Escort agency work, she says, is rubbish: bad money, unsatisfactory vetting processes, dangerous. ‘They let any man come through the door. On one job I got there and this guy sent me into the bedroom and told me to wait on the bed. I wondered what the hell was going on and listened at the door. He was calling all his friends and saying, “I’ve got her here now, come over.” I legged it. Then there was this head case I met who started slapping me and wanted to do S&M and started trying to force food into my mouth and bit my face. People heard me screaming – the worst bit was that the police were outside when I came out. I told them I was fine.’
She broke away from the agency and, under the names Drew and Elizabeth, started handling the clients herself. ‘I told everybody that I was doing nightshifts on a hospital switchboard.’ Soon she was flying to Dublin for three days twice a month, seeing international clients at an apartment rented with two other girls and bringing home about £3,000 each time. The rent was paid, Jack was fed and clothed, and there was plenty of time to feel young and glamorous. Most importantly her job was a secret. ‘I was quite rude when people asked me what I did.’ Certainly she never told her mother, who used to babysit Jack when Helen was away on ‘business’, where the money came from. Today she is renting a townhouse in a leafy Mancunian suburb near where she grew up, living off the spoils of the past few years.
She wants a book deal. Passionately. She needs a ghost writer, so wanting to publish a book is not quite the same as wanting to write a book. But then I doubt Wayne Rooney sat through the night penning the intricacies of Wayne Rooney: My Story. She would love an advice column, seeing her two-year career as an escort as a qualification of sorts. ‘Men would ring me and say, “My wife is having an affair.” Or “She doesn’t find me attractive anymore. How do I woo her? How do I tell her she’s beautiful?”And I love those kinds of conversations. I want to use my experience and use my brain.’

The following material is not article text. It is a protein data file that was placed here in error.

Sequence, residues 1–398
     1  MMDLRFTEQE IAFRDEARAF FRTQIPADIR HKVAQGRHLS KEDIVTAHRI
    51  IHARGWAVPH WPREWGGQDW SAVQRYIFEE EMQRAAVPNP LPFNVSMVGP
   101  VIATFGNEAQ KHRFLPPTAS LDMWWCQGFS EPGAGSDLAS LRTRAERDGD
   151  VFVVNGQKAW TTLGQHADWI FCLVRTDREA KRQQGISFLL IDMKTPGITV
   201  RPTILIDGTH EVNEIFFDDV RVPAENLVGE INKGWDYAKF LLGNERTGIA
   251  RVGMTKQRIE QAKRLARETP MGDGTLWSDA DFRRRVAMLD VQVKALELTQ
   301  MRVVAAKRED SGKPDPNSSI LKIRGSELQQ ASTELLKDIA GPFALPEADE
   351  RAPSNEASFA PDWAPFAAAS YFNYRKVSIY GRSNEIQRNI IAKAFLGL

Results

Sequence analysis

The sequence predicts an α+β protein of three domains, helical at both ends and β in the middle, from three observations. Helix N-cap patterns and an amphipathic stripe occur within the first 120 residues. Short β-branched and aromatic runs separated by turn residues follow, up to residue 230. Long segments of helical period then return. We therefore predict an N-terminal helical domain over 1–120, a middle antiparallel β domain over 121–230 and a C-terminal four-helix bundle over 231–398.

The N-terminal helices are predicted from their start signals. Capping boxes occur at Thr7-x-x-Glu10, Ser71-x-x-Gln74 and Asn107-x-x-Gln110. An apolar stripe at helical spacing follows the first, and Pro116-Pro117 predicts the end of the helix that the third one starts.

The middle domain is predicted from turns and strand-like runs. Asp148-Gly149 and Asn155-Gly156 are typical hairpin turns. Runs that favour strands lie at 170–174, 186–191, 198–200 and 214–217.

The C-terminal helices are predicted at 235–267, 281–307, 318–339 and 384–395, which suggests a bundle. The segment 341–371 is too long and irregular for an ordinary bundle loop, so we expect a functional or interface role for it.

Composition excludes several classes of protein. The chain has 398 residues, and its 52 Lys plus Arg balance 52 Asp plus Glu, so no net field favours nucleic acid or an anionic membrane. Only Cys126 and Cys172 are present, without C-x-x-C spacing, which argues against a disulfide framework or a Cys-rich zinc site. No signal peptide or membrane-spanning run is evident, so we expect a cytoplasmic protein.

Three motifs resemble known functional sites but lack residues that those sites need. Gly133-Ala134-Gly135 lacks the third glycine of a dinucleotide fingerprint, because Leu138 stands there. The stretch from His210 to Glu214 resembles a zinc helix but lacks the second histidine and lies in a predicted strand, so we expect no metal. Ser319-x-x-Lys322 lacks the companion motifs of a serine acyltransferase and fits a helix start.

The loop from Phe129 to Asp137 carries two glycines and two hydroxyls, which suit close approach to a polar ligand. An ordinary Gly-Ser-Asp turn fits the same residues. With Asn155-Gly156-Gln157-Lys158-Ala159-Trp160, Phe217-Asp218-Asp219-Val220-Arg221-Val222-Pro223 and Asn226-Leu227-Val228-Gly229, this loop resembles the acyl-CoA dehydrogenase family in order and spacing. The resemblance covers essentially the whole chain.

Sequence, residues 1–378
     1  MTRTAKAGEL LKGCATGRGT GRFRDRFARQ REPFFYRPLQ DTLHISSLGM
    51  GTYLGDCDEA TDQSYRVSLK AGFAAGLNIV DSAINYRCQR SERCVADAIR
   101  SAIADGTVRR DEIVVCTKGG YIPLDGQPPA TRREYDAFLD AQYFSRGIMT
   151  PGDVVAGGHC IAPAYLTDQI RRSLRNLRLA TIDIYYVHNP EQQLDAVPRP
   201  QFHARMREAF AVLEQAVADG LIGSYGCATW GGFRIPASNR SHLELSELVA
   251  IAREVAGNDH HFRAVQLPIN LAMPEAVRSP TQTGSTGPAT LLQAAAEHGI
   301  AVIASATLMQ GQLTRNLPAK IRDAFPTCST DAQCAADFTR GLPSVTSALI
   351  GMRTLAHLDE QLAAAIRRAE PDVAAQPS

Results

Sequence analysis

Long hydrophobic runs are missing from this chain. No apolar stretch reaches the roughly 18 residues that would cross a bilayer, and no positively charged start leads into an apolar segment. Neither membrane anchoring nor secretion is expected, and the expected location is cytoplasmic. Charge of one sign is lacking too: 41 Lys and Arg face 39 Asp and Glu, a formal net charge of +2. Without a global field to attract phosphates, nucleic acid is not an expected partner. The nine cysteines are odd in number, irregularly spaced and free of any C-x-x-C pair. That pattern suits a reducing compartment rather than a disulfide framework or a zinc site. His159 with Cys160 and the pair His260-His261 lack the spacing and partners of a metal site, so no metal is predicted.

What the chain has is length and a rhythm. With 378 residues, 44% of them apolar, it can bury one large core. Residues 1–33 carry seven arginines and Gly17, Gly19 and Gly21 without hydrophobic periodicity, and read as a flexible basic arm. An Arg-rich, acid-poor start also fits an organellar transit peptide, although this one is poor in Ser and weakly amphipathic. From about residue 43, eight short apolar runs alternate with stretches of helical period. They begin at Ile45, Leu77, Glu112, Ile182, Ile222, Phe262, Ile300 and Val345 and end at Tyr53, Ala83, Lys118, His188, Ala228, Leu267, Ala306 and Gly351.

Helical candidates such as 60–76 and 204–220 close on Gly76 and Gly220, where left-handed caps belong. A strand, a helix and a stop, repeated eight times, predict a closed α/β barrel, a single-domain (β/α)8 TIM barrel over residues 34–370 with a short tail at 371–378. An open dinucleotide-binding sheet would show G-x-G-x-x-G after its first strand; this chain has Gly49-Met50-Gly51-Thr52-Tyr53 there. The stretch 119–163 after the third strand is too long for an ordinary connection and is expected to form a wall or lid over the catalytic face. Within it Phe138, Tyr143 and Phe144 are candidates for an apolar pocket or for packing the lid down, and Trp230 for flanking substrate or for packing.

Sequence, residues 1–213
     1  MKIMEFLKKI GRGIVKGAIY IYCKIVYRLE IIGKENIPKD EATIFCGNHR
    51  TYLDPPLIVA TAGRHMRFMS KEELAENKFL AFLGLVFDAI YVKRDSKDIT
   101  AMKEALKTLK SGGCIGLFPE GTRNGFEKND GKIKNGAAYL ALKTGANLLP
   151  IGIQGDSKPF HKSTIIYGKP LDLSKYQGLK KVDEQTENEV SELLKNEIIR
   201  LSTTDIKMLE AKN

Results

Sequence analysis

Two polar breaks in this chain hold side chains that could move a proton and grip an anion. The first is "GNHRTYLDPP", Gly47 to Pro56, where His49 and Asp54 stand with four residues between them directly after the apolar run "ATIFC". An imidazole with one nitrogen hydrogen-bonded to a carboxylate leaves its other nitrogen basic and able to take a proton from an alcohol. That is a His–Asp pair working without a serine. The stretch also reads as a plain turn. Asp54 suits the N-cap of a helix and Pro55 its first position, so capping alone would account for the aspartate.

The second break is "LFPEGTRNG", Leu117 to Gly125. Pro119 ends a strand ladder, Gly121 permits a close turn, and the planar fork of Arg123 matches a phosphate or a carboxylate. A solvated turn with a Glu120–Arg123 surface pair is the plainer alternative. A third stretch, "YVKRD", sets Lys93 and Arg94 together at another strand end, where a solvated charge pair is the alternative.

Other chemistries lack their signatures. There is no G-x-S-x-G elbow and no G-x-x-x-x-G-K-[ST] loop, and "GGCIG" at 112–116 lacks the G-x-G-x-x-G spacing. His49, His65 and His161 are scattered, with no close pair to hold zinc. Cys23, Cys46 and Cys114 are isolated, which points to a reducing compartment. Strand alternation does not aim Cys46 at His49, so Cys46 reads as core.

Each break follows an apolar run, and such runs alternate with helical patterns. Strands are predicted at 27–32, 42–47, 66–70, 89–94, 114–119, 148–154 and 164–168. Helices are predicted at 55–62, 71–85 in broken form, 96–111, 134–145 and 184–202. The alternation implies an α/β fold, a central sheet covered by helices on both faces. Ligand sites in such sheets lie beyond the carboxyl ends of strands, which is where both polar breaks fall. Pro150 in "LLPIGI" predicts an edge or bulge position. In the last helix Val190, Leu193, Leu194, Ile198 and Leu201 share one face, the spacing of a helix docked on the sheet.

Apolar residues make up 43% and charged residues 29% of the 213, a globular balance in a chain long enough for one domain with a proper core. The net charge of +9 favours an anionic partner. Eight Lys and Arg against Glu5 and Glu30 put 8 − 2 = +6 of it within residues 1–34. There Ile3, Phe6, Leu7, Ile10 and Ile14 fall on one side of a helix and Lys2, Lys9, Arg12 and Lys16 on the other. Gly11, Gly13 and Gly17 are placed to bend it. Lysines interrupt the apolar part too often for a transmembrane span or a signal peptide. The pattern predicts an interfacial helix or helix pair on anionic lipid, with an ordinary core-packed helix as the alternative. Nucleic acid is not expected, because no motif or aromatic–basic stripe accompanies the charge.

I feel like a spoilsport when I point out that although she is enjoying a platform of sorts, it is a shaky foundation on which to build. ‘Certainly it is and it’s unnerving but, at the same time, it’s worth a try to make the best out of a bad situation.’ She is, for now, starting a dress hire company in Manchester. So maybe girls like her and Jennifer will be able to rent posh frocks, blag their way into footballers’ parties and meet the heroes themselves.
Moral or no moral, it would seem that no one comes out of these furores looking or feeling very good. For a while prostitution suited Helen Wood. Or so she says. ‘I went into robotic mode. You have to be pig-headed, you have to be cold. I called the shots and it made my time as an escort quite easy.’ I still don’t think she would recommend it. Neither would Wayne Rooney. Neither would the actor known only as NEJ. For now. ES
Courtesy of thisislondon.co.uk